3. Twitter cooperates well with others. Rather than loading itself down with features, it lets others extend its reach. There are dozens of powerful third-party interface programs; there are hundreds of add-on sites and tools. Twitter even lets competitors (like FriendFeed or Facebook) slurp its content into their services. But instead of strengthening them, it seems to strengthen Twitter. It’s the new version of embrace and extend: inject and take over. (Scoble recently noticed that 60%+ of his friends’ updates on Facebook actually came from twitter. And as John Battelle noted in a recent tweet, “I noticed now that my FBook status is updated with Twitter, I get responses in Fbook, but would like to see them here.” It might seem like a strength for Facebook to allow Twitter to update its status feed, but not the other way around, but I think Facebook will one day realize that Twitter has taken them over….)
  4. Twitter transcends the web. Like all of the key internet services today, Twitter is equally at home on the mobile phone. Even on the PC, I find myself using a separate client (Twhirl is an Adobe Air program) that provides a rich, alternate interface.
  5. Twitter is user-extensible.The @syntax for referring to users, hashtags, and whatever you call the use of $ as a special symbol for reference to financial instruments, were all user-generated innovations that, because of Twitter’s simplicity, allowed for third party services to be layered not just on the API, but on the content.
  6. Twitter evolves quickly. Perhaps because its features are so minimal, new user behaviors seem to propagate across Twitter really quickly. It’s a bit like the reason that fruit flies are used for genetic research: the short lifespan compresses the time for mutations to take hold. Perhaps a better analogy would be the speed of cultural evolution among humans compared to biological evolution. The most fascinating evolution happening on Twitter isn’t an evolution of the software, but an evolution in user behavior and in the types of data that are being shared.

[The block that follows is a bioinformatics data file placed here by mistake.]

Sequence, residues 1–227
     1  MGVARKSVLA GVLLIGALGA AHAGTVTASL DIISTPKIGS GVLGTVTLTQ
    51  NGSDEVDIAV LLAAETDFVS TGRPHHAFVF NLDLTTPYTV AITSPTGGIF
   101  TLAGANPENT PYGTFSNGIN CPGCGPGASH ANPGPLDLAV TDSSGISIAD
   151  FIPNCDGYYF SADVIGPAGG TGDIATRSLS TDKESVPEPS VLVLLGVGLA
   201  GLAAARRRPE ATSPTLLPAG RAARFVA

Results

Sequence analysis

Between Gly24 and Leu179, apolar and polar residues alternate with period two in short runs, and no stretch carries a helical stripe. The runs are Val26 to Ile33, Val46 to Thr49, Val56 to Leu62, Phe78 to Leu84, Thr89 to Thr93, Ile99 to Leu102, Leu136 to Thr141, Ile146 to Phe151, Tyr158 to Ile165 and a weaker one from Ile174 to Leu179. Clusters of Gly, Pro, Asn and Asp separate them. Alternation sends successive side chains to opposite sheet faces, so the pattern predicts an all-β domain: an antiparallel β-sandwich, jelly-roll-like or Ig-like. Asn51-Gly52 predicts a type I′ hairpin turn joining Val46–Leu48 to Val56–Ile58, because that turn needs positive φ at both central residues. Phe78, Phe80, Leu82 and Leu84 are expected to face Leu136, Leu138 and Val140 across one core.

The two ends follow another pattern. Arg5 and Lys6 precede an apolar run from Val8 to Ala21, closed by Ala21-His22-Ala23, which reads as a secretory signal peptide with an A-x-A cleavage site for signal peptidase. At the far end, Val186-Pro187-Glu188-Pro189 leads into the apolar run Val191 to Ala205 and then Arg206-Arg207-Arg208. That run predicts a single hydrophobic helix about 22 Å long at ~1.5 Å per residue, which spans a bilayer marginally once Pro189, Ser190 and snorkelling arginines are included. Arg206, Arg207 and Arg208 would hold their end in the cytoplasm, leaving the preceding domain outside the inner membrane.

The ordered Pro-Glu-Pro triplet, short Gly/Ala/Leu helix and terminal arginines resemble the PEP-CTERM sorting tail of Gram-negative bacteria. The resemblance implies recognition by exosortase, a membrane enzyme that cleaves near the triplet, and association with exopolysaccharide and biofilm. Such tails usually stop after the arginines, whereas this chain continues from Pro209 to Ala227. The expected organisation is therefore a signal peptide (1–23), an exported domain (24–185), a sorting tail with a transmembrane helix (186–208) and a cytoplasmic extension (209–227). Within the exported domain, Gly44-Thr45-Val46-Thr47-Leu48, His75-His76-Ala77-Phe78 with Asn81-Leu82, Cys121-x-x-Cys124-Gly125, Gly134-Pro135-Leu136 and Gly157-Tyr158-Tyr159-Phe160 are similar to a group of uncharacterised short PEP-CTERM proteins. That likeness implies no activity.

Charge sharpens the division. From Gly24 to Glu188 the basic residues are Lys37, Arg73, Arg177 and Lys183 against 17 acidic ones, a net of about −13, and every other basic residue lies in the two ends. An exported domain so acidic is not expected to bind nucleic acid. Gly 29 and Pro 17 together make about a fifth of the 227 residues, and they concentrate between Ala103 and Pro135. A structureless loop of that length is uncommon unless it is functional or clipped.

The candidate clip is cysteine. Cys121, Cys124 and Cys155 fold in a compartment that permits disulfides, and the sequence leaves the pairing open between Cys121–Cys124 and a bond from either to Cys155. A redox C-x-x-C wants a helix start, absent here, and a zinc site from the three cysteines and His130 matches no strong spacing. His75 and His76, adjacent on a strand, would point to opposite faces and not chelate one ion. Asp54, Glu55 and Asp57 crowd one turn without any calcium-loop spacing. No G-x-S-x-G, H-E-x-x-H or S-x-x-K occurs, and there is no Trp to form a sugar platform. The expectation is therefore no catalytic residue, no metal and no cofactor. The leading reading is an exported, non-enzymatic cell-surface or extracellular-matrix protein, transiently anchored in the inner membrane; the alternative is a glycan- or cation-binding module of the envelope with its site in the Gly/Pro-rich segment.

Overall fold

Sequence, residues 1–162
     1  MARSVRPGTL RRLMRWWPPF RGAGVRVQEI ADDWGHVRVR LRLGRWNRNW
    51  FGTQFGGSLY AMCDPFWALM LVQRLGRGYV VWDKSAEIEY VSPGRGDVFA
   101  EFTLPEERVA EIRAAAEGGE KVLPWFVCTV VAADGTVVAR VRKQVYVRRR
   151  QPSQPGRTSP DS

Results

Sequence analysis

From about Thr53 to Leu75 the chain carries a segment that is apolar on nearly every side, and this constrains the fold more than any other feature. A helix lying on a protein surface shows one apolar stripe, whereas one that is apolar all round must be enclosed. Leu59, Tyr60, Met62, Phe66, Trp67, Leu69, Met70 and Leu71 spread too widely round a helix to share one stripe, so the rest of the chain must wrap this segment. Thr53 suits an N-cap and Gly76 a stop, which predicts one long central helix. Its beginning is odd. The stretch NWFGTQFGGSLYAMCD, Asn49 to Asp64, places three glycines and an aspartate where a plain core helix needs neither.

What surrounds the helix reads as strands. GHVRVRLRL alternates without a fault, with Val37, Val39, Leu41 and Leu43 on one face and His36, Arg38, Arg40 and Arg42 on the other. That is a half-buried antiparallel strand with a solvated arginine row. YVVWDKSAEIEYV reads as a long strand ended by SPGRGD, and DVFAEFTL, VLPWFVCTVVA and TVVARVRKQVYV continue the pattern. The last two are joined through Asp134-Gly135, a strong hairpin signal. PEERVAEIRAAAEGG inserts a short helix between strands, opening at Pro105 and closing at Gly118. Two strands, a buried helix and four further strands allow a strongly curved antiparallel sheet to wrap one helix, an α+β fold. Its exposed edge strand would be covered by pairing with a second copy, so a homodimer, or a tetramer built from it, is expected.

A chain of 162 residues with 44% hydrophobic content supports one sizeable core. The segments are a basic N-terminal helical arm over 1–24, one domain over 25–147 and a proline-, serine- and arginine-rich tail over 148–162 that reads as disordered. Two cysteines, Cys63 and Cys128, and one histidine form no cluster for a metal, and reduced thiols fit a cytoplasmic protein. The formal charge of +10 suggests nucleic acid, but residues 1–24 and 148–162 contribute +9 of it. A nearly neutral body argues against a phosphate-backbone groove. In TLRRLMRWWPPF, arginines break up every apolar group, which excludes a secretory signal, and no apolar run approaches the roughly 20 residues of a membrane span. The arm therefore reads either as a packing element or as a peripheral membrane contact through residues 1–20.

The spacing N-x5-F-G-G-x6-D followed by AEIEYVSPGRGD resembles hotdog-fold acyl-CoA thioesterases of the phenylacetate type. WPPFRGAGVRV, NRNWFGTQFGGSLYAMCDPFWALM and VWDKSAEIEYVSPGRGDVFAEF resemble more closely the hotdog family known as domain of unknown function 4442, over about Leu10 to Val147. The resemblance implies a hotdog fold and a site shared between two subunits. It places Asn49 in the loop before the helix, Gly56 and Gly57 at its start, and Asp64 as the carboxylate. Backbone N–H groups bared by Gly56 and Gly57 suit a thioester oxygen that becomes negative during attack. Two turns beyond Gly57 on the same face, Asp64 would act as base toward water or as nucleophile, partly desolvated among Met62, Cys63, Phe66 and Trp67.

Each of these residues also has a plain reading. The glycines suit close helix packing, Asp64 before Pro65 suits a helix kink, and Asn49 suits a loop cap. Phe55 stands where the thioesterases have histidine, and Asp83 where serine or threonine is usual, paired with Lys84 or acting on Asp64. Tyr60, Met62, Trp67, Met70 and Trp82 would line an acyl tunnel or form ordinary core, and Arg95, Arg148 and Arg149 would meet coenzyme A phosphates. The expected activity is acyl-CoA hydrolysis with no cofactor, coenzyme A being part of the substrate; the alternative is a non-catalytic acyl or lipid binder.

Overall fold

I saw this myself with retweeting, a behavior I picked up not from Twitter itself but from twhirl, the Twitter client I use. Because Twhirl actually has a button for retweeting, it seemed the most natural thing in the world to do it. I became one of the most prolific retweeters, figuring that I have more followers than most of the people I know, and that it would be good form to pass on the best of what they post. But it’s fascinating to see the growth of retweeting by others, even those not using twhirl.

In many ways, Twitter is a re-incarnation of the old Unix philosophy of simple, cooperating tools. The essence of Twitter is its constraints, the things it doesn’t do, and the way that its core services aren’t bound to a particular interface.

It strikes me that many of the programs that become enduring platforms have these same characteristics. Few people use the old TCP/IP-based applications like telnet and ftp any more, but TCP/IP itself is ubiquitous. No one uses the mail program any more, but all of us still use email. No one uses Tim Berners-Lee’s original web server and browser any more. Both were superseded by independent programs that used his core innovations: http and html.

What’s different, of course, is that Twitter isn’t just a protocol. It’s also a database. And that’s the old secret of Web 2.0, Data is the Intel Inside. That means that they can let go of controlling the interface. The more other people build on Twitter, the better their position becomes.

There’s a real lesson to Facebook here about giving other services (like Twitter) access to their social graph. They have the best one going, but because they try to keep users coming back to their interface, and even the applications built on their service have to live in Facebook, they end up as a ghetto rather than a true internet service. It’s the data, not the interface! Let other people use your data, build on it, and it will still belong to you. Hold it too tight, and they will compete with it.

Lots more to say, but the beach is calling on this sunny Saturday.